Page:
“The use of marijuana, which most likely originated in Asia, later spread to Europe, and made its way to the Americas when the Jamestown settlers brought it with them across the Atlantic. The cannabis plant has been widely grown in the United States and was used as a component in fabrics during the middle of the 19th century. During that time period, cannabis was also widely used as a treatment for a multitude of ailments, including muscle spasms, headaches, cramps, asthma, and diabetes.

“It was only in the early part of the 20th century that marijuana began to be criminalized in the United States—mainly because of misinformation and hysteria, based at least in part on racially-biased stereotypes connecting marijuana use and people of color, particularly African-Americans and Latinos. In 1970, when President Nixon announced the War on Drugs and signed the Controlled Substances Act into law, the federal government placed marijuana on Schedule I, the most restrictive schedule that is attached to the most serious criminal penalties, where—unfairly and unjustifiably—it has remained ever since.

“As a consequence of this decision, thousands of individuals—overwhelmingly people of color—have been subjected, by the federal government, to unjust prison sentences for marijuana offenses. It is time for this manifest injustice to end. The MORE Act would remove marijuana from Schedule I and the Controlled Substances Act altogether, thereby decriminalizing it at the Federal level.

“This is only fair, particularly because the same racial animus motivating the enactment of marijuana laws also led to racially disproportionate enforcement of such laws, which has had a substantial, negative impact on communities of color. In fact, nationwide, the communities that have been most harmed by marijuana enforcement are benefitting the least from the legal marijuana marketplace.”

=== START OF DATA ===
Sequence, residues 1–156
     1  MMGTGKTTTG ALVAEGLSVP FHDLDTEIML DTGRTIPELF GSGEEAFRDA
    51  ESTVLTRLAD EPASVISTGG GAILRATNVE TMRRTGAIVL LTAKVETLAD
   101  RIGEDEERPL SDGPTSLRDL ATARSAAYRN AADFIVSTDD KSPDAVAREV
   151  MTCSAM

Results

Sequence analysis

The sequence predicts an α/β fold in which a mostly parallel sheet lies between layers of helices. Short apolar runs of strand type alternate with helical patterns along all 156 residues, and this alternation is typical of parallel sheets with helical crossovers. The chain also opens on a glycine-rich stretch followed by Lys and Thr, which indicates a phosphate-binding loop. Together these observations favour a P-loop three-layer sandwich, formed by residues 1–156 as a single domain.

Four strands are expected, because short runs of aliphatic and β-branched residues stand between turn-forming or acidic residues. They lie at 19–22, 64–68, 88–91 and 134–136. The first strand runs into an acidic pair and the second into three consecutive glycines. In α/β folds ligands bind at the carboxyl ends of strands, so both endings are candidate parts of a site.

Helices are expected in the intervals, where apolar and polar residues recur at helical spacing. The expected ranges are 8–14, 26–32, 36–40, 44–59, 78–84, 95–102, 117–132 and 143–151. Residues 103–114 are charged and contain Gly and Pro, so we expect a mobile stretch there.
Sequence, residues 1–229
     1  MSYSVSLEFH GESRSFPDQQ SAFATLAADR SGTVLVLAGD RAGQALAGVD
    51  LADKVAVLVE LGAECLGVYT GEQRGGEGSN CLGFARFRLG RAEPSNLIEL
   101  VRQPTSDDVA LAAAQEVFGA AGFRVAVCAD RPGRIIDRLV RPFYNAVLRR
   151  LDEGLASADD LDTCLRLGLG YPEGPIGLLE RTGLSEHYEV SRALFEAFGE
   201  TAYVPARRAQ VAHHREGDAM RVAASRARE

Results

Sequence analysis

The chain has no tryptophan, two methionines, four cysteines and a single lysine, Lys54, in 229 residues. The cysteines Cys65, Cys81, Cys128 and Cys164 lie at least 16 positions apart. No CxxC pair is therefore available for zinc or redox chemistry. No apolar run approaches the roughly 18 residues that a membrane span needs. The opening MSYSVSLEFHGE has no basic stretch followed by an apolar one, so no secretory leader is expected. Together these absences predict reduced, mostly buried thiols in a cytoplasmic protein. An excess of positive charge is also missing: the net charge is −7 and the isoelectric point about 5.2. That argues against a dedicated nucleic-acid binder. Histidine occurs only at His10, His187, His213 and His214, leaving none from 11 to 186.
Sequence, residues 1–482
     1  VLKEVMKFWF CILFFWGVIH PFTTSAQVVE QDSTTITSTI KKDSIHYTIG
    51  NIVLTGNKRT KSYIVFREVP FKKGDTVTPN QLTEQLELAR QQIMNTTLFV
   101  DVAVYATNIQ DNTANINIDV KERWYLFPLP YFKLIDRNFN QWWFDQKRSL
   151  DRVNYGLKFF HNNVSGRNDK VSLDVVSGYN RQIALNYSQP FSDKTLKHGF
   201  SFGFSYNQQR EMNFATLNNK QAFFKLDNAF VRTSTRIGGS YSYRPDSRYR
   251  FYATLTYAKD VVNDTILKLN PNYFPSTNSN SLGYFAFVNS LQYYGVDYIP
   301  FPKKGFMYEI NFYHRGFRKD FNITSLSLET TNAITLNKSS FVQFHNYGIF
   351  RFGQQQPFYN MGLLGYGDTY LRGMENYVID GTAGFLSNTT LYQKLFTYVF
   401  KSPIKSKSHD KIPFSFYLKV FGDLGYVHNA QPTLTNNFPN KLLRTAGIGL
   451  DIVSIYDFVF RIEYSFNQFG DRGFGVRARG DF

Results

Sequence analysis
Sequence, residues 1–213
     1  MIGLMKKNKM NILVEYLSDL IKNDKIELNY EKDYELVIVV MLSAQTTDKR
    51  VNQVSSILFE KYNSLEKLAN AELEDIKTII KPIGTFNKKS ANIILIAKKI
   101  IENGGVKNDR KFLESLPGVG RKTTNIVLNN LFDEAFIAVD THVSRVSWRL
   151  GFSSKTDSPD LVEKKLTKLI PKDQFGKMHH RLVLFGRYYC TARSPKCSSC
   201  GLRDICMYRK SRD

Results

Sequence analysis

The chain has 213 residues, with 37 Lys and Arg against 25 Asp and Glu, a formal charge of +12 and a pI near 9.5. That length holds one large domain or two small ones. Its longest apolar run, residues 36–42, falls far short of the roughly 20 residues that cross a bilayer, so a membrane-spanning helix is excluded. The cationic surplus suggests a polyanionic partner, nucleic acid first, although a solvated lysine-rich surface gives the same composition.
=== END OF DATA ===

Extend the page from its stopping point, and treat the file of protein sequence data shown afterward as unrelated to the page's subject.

While historic, the bill is expected to meet resistance in the U.S. Senate. “The legislation is, for now, almost certainly doomed in the Republican-led Senate, where that party’s leaders have derided it as a superficial distraction from the work of passing coronavirus relief, as lawmakers inched toward bipartisan compromise after spending months locked in an impasse,” reported the New York Times.

To date, 15 states have legalized recreational cannabis, and voters in five states approved cannabis legalization measures in the November 2020 elections. In total 35 states have passed medical or recreational marijuana legislation, reported the New York Times.

In related news, Let’s Talk Hemp reported in October about a bill introduced in September in the U.S. House of Representatives, H.R. 8179, that would “make hemp, cannabidiol derived from hemp, and any other ingredient derived from hemp lawful for use under the Federal Food, Drug and Cosmetic Act as a dietary ingredient in a dietary supplement, and for other purposes.” The Bill, H.R. 8179, the Hemp and Hemp-Derived CBD Consumer Protection and Market Stabilization Act of 2020, if passed, it would allow hemp-derived CBD and other hemp-derived ingredients to be legally marketed as an ingredient in dietary supplements, as long as the products comply with current legal requirements for new dietary ingredients, as well as other requirements pertaining to dietary supplements under federal law. For more information on H.R. 8179, visit the U.S. Hemp Roundtable at

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Steven Hoffman is Managing Director of Compass Natural, providing brand marketing, PR, social media, and strategic business development services to natural, organic, sustainable and hemp/CBD products businesses. Compass Natural serves in PR and programming for NoCo Hemp Expo and  Southern Hemp Expo, and Hoffman serves as Editor of the weekly Let’s Talk Hemp Newsletter, published by We are for Better Alternatives. Contact